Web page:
Despite these complexities, Democrats are nevertheless perceived to be more progressive on immigration reform than Republicans. If white Americans are more likely to be Republican than are African Americans or Latinos or Asian Americans—and they are—the differential in partisanship could explain the divergence in policy attitudes. As we discuss in detail in the empirical chapters that follow, partisan affiliation does influence public opinion on immigration, but it does so in distinctive ways among whites, Latinos, Asian Americans, and African Americans, the patterns reflecting the intersection between partisanship and race. For example, the 2006 Faces of Immigration Survey shows nearly perfect correspondence between strong Republican Party affiliation and concern about immigration among whites; 99% of white Republicans say they are somewhat or very concerned about the rising number of immigrants in the United States. Consistent with partisan differences, fewer whites who identify with the Democratic Party have the same response, and 75% reply similarly.
Partisanship does not explain positions on immigration to the same degree among racial minorities, however. Among Latinos, Asian Americans, and African Americans who identify with the Republican Party, the proportions who are somewhat or very concerned about increasing numbers of immigrants are more comparable to attitudes among Democratic whites; 65% of Republican Latinos are concerned, 74% of Asian American Republicans are concerned, and 57% of Republican African Americans (a small proportion of the party) are somewhat or very concerned about the rising number of immigrants in the United States. So while party identification influences individual attitudes about immigration in predictable ways, it does not do so to the same degree for all racial groups.
Understanding contemporary public opinion on immigration is a complex task that requires broadening the range of theoretical perspectives as well as the methodological strategies utilized to understand the dynamics of political attitudes. In a nation far beyond the black-white divide, models of public opinion built so heavily on that binary are not well suited to explaining variation in political attitudes amidst the racial diversity in the United States today. Traditional analytical strategies are characterized by estimating a multivariate model to explain variation in attitudes and specifying "control" or "dummy" variables for being black, Latino, or Asian American in addition to measures of partisanship and other relevant controls. The results often yield significant results for the race control variables given that the excluded category of white is the reference category to which all of the other groups are compared.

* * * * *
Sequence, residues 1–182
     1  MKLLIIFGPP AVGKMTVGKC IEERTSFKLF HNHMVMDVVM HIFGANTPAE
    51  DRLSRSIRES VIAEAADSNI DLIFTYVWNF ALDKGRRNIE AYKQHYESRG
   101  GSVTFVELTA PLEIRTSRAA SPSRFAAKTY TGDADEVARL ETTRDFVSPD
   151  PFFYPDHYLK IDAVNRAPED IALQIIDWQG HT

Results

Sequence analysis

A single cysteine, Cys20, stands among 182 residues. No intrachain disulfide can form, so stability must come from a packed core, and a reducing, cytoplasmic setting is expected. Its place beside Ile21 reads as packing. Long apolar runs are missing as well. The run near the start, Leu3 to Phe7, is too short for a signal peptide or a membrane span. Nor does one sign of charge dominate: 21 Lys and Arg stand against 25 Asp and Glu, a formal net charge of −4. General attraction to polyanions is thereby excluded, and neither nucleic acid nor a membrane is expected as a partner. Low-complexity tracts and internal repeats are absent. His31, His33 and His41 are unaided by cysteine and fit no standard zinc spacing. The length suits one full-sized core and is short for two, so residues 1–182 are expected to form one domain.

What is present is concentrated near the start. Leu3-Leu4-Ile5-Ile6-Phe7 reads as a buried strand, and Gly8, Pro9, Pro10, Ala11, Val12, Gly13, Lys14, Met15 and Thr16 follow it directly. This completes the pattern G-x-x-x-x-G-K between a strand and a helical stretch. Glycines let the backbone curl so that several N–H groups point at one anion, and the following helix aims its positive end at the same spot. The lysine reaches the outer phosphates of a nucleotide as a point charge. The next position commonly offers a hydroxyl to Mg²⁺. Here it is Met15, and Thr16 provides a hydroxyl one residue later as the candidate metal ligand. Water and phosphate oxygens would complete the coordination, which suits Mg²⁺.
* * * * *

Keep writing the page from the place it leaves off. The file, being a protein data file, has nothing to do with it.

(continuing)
Absent stronger theoretical justification for analysis conducted with this setup, however, showing a significant result for a control variable representing an individual's racial-group classification indicates only that race matters. Important as these findings are, this strategy does not generate either expectations or explanations about why the patterns of difference are visible. A control-variable strategy in the absence of interaction effects specifies only differences in intercept rather than systematic variation in slope, where race is treated as an individual-level trait to control for rather than a structural feature that produces differential outcomes because of group position. For example, labor economists know that higher formal educational attainment is positively related to income earnings in much the same way that political scientists can demonstrate that strong Republican Party identification is related to support of restrictive immigration policies at the individual level. But economists also know that education has weaker effects on income for women than on earnings among men. Women continue to earn seventy-seven cents for every dollar earned by men in the United States, and not only do female workers earn less to start in many occupational sectors, but the rate at which income earnings increase with levels of education is not as steep for women as it is for men. Economic models of income earnings therefore either estimate models separately by sex or specify interaction effects to account for intercept and slope differences between relevant categories of analysis. In contrast, political scientists studying public opinion rarely take steps to specify a theoretical position of expected differences based in hierarchically structured groups such as race.